Will 2019 be the year of private lending?

Private lending in 2019With the release of Commissioner Hayne’s report  it’s clear that 2019 is going to bring about a number of changes to the private lending industry for lenders, brokers and borrowers alike. We take a look at how we see 2019 panning out for the private lending market.

A move towards transparency

The royal commission has destroyed borrowers’ trust in the big four banks, and now they’re looking for alternatives that offer honesty and transparency. This is an opportunity for those lenders with straight-forward and open lending processes to put their best foot forward and show borrowers that there is a genuine alternative to the mainstream banks.

Continued tightening of the purse strings

2018 saw the banks reducing their risk appetite and placing a number of restrictions on what they will lend and who to. This meant that obtaining finance became increasingly difficult for borrowers, particularly commercial borrowers. This restricted lending environment looks to continue throughout 2019, with the findings of the Hayne report recommending further regulations for the banks’ lending systems.

However, this has created a real opportunity for non-bank lenders who look at lending situations in a different light to the banks. Private lenders are able to be more flexible in who they will lend to. Rather than just look at the serviceability of the loan, they will look at the bigger picture when making a lending decision. This means that while the purse strings are tightening at the banks, more opportunities to access funding will become available through the non-bank sector.

Rise of commercial brokers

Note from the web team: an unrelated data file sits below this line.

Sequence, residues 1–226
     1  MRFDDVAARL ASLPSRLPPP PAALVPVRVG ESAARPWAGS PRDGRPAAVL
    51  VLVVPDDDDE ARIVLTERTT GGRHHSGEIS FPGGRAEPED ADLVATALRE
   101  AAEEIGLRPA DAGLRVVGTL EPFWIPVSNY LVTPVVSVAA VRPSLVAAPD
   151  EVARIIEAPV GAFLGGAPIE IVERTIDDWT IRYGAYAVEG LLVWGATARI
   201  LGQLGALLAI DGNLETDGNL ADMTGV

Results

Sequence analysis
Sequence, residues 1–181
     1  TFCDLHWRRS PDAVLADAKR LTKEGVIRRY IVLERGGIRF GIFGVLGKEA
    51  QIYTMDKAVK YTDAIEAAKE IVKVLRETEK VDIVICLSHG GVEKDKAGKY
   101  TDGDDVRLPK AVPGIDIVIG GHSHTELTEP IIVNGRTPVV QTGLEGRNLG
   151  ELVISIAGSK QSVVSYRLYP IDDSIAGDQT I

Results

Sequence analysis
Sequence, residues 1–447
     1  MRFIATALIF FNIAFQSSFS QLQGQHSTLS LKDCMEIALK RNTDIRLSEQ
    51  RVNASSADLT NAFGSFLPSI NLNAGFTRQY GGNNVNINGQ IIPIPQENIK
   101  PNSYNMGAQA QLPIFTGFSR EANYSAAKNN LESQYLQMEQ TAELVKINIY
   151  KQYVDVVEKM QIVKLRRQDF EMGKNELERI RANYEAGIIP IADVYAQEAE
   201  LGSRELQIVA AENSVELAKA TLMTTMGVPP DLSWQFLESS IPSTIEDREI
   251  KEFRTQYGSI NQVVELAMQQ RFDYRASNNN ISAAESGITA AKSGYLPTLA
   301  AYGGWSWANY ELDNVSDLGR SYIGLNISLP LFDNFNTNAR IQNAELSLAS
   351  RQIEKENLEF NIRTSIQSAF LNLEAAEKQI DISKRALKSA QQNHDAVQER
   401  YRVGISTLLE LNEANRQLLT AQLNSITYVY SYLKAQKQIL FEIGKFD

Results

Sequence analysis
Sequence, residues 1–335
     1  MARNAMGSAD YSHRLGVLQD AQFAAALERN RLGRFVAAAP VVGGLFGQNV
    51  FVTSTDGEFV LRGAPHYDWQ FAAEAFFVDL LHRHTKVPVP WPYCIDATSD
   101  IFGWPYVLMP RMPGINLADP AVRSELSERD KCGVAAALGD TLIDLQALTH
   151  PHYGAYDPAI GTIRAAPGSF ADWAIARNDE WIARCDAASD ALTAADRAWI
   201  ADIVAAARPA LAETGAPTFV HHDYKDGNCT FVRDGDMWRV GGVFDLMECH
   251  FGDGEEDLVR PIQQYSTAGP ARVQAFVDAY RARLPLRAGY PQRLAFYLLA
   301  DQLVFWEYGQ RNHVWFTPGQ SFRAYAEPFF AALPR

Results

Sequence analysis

Borrowers seeking alternative lenders with transparent and flexible lending processes are going to need help. In these uncertain times, borrowers will increasingly look to brokers for guidance and advice. This is particularly the case for business borrowers who are most likely to be turned away by the banks. For this reason, it makes sense that a number of residential brokers will consider diversifying into the commercial space in order to assist this growing group of borrowers.

The year of private lending?

Overall, the changes in the lending landscape will shine a spotlight on the advantages of working with a private lender. Whether a borrower has become disillusioned with their big four bank or has had their loan application rejected, 2019 will see more and more people looking for an alternative solution for their finance needs. Private lenders have always been able to offer something different to the banks, however this year looks to be the time when the benefits of a non-bank lender really become known throughout the industry.

Brokers can achieve 50% market share for business loans

Brokers can achieve commercial and business lending origination

The Finance Brokers Association of Australia (FBAA) has said that brokers can achieve 50 per cent of commercial and business lending origination.

The FBAA’s executive director Peter White said that brokers in Australia “have every opportunity to follow markets like the UK [where brokers have around 70 per cent market share] and dramatically increase origination market share”.

He said: “The high level of professionalism and best practice engaged in Australia under our regulations, and genuine concerns for skilled conduct producing best outcomes for borrowers, is a recipe for more and more borrowers using brokers.”

As an advisory board member for the Small Business Association of Australia (SBAA), Mr White said that opportunities exist for brokers in the small business sector to improve the service they currently provide.

“Many brokers are very proficient at business and commercial lending, but they need stronger knowledge skill-sets that deepen their understanding of how those loans function within business markets.

“If you are dealing with a borrower who is in an aged care facility, you need to understand the aged care market and its needs. Same with hoteliers, restauranteurs and motel owners, so you can speak their language and gain their respect.

“When you actually know their industry and market, you will own the right to their business,” he said.

This article originally appeared on SME Adviser.